House OKs $104M
to stop viper
The brown tree snake on Guam
threatens Hawaii's ecosystem
WASHINGTON » The House yesterday authorized spending $104 million over the next five years to stamp out the brown tree snake, a voracious viper that has wreaked ecological havoc in Guam and is threatening Hawaii.
The bill, which now goes to the Senate, calls the snakes "a growing threat to the biodiversity, economy and human health" in the region. It calls for new quarantine protocols in the next two years for travelers, baggage and cargo originating in Guam to prevent the spread of the species.
"It is time we address this issue head-on with the goal of eradication, not simply control," said co-sponsor Del. Madeleine Bordallo, D-Guam, a nonvoting member of the House.
The mildly venomous snake was probably introduced to Guam in the 1940s or 1950s as a stowaway aboard a military cargo ship from the South Pacific. The species is native to Indonesia, New Guinea, the Solomon Islands and Australia.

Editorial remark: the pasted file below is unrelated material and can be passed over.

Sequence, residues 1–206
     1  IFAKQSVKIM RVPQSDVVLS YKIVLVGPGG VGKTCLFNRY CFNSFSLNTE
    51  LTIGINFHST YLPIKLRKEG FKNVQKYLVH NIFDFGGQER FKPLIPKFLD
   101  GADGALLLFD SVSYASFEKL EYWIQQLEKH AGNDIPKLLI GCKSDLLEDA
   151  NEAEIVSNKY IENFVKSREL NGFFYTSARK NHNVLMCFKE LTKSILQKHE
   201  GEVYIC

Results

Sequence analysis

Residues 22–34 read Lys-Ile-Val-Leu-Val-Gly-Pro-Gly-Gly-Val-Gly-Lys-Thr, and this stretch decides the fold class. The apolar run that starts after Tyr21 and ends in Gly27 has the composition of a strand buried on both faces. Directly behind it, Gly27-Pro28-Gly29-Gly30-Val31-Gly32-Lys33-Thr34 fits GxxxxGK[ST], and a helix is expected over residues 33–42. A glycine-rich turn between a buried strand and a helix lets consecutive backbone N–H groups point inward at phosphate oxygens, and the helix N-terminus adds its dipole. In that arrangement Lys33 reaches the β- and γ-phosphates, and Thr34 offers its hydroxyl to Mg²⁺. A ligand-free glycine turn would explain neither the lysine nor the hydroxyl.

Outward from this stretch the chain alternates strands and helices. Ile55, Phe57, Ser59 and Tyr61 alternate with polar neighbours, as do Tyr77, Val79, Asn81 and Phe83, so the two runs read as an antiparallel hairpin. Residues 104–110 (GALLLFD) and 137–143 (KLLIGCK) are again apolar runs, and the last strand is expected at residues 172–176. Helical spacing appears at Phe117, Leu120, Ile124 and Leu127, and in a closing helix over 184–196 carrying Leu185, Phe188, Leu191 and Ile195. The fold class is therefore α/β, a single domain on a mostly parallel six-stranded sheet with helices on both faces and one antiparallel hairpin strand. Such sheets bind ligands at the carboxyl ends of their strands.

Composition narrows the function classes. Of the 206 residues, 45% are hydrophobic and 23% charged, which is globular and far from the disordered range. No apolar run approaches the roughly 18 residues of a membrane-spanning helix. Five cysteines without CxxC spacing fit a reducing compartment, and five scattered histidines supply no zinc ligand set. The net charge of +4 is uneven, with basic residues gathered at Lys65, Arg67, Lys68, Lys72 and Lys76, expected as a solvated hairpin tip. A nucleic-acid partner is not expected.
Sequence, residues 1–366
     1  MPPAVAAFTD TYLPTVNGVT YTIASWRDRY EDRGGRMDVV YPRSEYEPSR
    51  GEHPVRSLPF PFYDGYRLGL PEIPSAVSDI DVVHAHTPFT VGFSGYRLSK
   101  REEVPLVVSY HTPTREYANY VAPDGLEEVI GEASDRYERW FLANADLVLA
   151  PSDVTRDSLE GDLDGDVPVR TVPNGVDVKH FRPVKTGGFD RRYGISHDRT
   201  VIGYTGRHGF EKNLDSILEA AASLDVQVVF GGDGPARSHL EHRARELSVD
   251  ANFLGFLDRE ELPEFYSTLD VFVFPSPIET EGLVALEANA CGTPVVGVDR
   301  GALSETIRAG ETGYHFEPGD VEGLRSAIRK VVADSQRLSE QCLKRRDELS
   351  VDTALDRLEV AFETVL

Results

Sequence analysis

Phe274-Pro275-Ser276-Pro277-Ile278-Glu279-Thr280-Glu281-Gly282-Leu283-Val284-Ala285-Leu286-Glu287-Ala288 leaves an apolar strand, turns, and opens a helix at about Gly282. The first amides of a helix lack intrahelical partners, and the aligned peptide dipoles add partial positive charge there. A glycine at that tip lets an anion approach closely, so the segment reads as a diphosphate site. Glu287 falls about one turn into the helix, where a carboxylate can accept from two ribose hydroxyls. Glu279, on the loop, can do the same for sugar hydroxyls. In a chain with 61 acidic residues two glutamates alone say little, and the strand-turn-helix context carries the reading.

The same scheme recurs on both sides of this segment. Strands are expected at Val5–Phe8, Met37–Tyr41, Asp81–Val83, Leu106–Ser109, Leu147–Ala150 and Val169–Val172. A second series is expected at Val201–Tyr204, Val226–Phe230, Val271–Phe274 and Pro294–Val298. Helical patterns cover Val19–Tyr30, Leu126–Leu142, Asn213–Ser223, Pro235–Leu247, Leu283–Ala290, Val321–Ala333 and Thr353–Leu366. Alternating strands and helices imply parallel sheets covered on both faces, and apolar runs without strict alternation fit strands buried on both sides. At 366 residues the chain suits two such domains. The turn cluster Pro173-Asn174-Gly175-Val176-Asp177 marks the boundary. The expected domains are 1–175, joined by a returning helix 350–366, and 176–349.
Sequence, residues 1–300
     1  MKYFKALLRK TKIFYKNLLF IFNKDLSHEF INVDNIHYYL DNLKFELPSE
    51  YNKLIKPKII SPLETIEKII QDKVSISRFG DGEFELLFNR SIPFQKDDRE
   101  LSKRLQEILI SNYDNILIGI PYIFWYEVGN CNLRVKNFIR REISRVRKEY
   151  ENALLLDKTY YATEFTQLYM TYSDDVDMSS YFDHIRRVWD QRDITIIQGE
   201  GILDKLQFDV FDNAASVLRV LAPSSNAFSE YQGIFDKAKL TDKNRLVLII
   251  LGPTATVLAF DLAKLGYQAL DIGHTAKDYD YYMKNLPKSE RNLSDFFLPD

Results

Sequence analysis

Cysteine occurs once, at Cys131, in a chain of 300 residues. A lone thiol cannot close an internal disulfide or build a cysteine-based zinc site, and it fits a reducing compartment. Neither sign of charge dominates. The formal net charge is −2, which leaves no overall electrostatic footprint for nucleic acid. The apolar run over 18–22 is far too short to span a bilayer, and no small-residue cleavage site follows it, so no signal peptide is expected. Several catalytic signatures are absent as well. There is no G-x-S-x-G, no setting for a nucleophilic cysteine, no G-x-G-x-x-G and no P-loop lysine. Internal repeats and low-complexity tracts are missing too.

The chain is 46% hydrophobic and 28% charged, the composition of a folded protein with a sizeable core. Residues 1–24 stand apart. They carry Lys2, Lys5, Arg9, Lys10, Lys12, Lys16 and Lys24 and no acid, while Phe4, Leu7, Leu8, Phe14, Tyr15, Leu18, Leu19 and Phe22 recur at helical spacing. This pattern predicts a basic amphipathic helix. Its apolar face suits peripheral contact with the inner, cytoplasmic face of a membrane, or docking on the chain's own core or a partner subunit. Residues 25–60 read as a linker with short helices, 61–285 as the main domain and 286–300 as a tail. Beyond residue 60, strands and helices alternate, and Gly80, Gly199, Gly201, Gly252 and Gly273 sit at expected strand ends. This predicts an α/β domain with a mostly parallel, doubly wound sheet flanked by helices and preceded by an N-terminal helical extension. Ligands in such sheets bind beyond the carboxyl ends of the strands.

Some snakes have already hitched rides on aircraft and cargo ships to Hawaii, and could spread to the nearby Northern Mariana Islands, Palau, Micronesia, the Marshall Islands or even the mainland United States.
The brown tree snake kills by wrapping itself around its prey and injecting venom by chewing.
Free from natural predators, the snakes have nearly wiped out the native forest birds of Guam, many unique to the island. They also eat lizards, small mammals and eggs. The nocturnal snakes often invade homes, biting a number of sleeping residents each year. While the bites often require medical treatment, they have not been fatal.
The snakes have also caused more than 1,200 power outages in Guam since 1978 by crawling onto electrical lines at night, according to the U.S. Geological Survey.
A committee drawn from federal and state agencies, headed by the Departments of the Interior and Agriculture, would fund and coordinate the control and eradication efforts through 2010.